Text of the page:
Novelists have no such organizations. Why? Because there is a distinct sense of classism among writers that dictates how we're allowed to interact with other writers. The biggest divide between writers is the method of publishing: traditional vs. self. Traditional writers (and those that work in traditional publishing) are allowed to abuse, bully, talk down to, and basically shit all over self-published writers. We lowly self-published writers are expected to sit there and take it ("Oh, you have a thousand articles on why self-publishing is for losers and why it inevitably fails? Please, do show me. Because I'm too stupid to have done any research into this topic. Thank you for deeming me worthy to speak to."). Yes, those in traditional publishing never tire of telling those in self-publishing how risky our venture is. Or writing about how risky it is.
Traditionally published individuals have access to merits, awards, reviews, and accolades that self-published writers do not. It is because of this that most writers (not all, but I'd estimate a fair amount if not a majority) don't see self-published writers as actual writers. Rather we're just those stubborn lazy children that didn't have the smarts or dedication it took to find a traditional avenue of publication. Traditionally published books are still seen as the only valid kind of writing. Their mettle has been tested and highfaluting professionals have deemed them worthy to join the ranks of "real writers". One of the benefits is that you get a certain amount of privilege that allows you to judge what does and doesn't qualify as "real writing".
So when I see women sticking up for the privileged white male editors' right to objectify women, I'm not surprised. I'm not even allowed to have an opinion on the topic because how would I know anything about writing? It's not all that surprising that women who reap some benefits from the patriarchy continue to support it. Instead, these women think that focusing on getting the SFWA to recognize small presses is a bigger concern.
Um, hello? Could I maybe suggest we recognize self-published writers the right to have a voice and to just exist? This kind of sexism hurts me too, but it also kind of sucks to be disregarded and dismissed. Brushed aside like an annoyance, silenced, and not considered a peer. Could self-published writers perhaps have a place at the table, maybe share an opinion or two, without being shouted down and scolded? Could our opinions also be seen as valid? Could we maybe also be recognized as fellow writers and peers?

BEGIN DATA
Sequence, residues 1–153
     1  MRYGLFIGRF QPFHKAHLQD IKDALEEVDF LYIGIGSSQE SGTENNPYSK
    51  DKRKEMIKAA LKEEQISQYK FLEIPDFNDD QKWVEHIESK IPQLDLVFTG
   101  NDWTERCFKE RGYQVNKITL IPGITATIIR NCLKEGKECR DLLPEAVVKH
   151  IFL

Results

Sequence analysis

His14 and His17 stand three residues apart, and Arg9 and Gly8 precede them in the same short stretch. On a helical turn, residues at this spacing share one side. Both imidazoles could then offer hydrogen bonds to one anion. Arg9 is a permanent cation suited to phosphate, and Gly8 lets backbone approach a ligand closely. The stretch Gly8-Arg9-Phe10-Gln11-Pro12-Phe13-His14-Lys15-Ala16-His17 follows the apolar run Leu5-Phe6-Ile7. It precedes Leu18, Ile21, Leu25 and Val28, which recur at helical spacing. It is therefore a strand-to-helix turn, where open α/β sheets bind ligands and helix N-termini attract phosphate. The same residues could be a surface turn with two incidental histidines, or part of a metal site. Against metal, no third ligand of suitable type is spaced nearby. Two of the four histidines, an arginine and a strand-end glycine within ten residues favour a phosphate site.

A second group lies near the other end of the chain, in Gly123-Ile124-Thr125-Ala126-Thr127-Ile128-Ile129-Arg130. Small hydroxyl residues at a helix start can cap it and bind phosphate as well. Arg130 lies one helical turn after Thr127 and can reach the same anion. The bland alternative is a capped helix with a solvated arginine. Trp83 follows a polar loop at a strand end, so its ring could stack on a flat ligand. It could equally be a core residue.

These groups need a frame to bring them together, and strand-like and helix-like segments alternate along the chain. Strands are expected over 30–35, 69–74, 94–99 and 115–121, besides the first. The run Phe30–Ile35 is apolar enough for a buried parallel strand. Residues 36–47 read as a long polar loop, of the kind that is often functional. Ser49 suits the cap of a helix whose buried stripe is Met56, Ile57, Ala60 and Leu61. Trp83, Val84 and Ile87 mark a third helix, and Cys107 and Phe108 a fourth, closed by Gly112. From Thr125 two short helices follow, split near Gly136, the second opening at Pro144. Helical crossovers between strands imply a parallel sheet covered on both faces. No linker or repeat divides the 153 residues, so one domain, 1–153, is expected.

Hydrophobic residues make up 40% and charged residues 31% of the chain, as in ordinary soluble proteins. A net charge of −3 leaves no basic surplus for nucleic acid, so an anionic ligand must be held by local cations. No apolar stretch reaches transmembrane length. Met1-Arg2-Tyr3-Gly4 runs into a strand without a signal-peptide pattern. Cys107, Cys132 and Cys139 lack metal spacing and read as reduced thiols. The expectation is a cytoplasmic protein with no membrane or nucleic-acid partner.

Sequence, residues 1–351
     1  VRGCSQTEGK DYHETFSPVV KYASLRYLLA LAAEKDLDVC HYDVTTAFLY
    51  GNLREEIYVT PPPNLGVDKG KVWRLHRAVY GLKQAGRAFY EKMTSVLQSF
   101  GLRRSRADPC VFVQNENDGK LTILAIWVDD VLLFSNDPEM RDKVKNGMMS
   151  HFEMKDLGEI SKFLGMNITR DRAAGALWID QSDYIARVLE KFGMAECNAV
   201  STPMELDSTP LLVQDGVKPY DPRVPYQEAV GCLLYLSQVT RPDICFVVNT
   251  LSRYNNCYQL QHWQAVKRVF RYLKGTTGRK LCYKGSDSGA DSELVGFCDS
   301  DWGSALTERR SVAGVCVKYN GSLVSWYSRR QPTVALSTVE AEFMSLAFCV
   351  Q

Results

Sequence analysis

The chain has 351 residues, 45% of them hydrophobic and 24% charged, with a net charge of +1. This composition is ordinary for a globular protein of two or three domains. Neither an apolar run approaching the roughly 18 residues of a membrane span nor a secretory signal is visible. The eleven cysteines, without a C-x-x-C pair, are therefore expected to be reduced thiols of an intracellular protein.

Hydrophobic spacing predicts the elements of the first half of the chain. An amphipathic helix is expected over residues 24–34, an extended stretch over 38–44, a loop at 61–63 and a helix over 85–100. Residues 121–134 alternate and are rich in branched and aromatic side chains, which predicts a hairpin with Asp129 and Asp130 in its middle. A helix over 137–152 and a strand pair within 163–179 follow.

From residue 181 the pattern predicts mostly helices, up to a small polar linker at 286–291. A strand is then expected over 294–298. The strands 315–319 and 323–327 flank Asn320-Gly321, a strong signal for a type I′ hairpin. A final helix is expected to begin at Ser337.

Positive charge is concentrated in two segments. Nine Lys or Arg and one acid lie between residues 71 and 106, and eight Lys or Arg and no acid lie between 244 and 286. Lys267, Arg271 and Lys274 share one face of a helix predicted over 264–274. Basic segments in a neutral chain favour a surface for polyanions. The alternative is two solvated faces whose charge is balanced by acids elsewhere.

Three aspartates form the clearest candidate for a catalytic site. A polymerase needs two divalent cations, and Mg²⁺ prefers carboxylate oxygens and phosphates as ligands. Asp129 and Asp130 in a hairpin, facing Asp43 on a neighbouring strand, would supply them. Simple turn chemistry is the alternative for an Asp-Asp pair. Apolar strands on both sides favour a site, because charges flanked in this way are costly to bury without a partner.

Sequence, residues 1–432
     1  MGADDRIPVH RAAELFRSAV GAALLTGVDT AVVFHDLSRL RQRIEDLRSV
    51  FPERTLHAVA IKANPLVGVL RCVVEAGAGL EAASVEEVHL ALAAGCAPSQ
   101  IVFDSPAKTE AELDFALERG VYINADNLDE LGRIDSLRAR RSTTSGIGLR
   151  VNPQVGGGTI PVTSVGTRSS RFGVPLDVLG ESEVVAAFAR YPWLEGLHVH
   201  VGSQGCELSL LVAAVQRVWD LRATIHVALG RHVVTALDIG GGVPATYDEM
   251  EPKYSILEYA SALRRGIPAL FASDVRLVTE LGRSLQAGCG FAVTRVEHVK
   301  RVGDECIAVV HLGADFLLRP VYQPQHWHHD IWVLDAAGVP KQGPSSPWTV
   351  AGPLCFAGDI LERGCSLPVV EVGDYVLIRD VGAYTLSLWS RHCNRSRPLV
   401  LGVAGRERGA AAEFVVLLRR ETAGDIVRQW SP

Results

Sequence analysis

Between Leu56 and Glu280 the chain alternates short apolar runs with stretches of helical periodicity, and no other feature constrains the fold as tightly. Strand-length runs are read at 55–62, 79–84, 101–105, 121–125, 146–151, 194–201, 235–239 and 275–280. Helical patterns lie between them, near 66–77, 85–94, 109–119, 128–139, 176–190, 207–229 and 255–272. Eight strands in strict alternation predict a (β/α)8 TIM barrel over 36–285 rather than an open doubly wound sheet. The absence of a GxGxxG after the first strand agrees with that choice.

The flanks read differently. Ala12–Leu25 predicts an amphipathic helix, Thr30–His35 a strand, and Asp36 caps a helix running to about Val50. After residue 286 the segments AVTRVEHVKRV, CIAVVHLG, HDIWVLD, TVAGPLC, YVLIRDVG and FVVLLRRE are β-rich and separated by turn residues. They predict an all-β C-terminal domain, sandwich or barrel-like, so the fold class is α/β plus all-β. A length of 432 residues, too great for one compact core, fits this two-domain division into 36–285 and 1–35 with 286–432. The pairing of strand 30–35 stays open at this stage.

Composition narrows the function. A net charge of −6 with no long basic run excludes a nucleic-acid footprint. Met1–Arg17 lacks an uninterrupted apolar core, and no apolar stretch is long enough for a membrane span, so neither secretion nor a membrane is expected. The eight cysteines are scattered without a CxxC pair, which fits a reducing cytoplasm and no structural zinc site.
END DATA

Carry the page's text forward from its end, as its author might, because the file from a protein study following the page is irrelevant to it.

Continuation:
I'm not suggesting that all traditionally published writers are like this, not at all (I know some traditionally published writers and they are lovely individuals). However, I do think that a lot of them are blind to the amount of privilege they have. All the complaints I'm hearing about SFWA come from traditionally published writers, most of whom could belong to SFWA if they so chose. You know who I'm not hearing from? Indie writers, especially women, who probably experience more than their fair share of discrimination (be it sexism or classism).
Most self-published writers work their asses off. I have to work as hard as any traditionally published writer (I'd wager twice as hard as most). I love my job and I'm dedicated to the art of writing. I've been reading practically since I could walk and even though I make mistakes, I learn from them. I know about writing, I've done my research. To suggest otherwise is not only demeaning, it's insulting. Just because someone only writes novels, doesn't mean they're incapable of writing short stories. It might just be that's not the expression they're most comfortable with. I have never seen a filmmaker chastise another filmmaker because they didn't start out making shorts. Writers on the other hand? This is sadly common place (and if you're one of the writers that thinks less of others because they didn't start the way you think they should have: not only are you a tool, you're an asshole).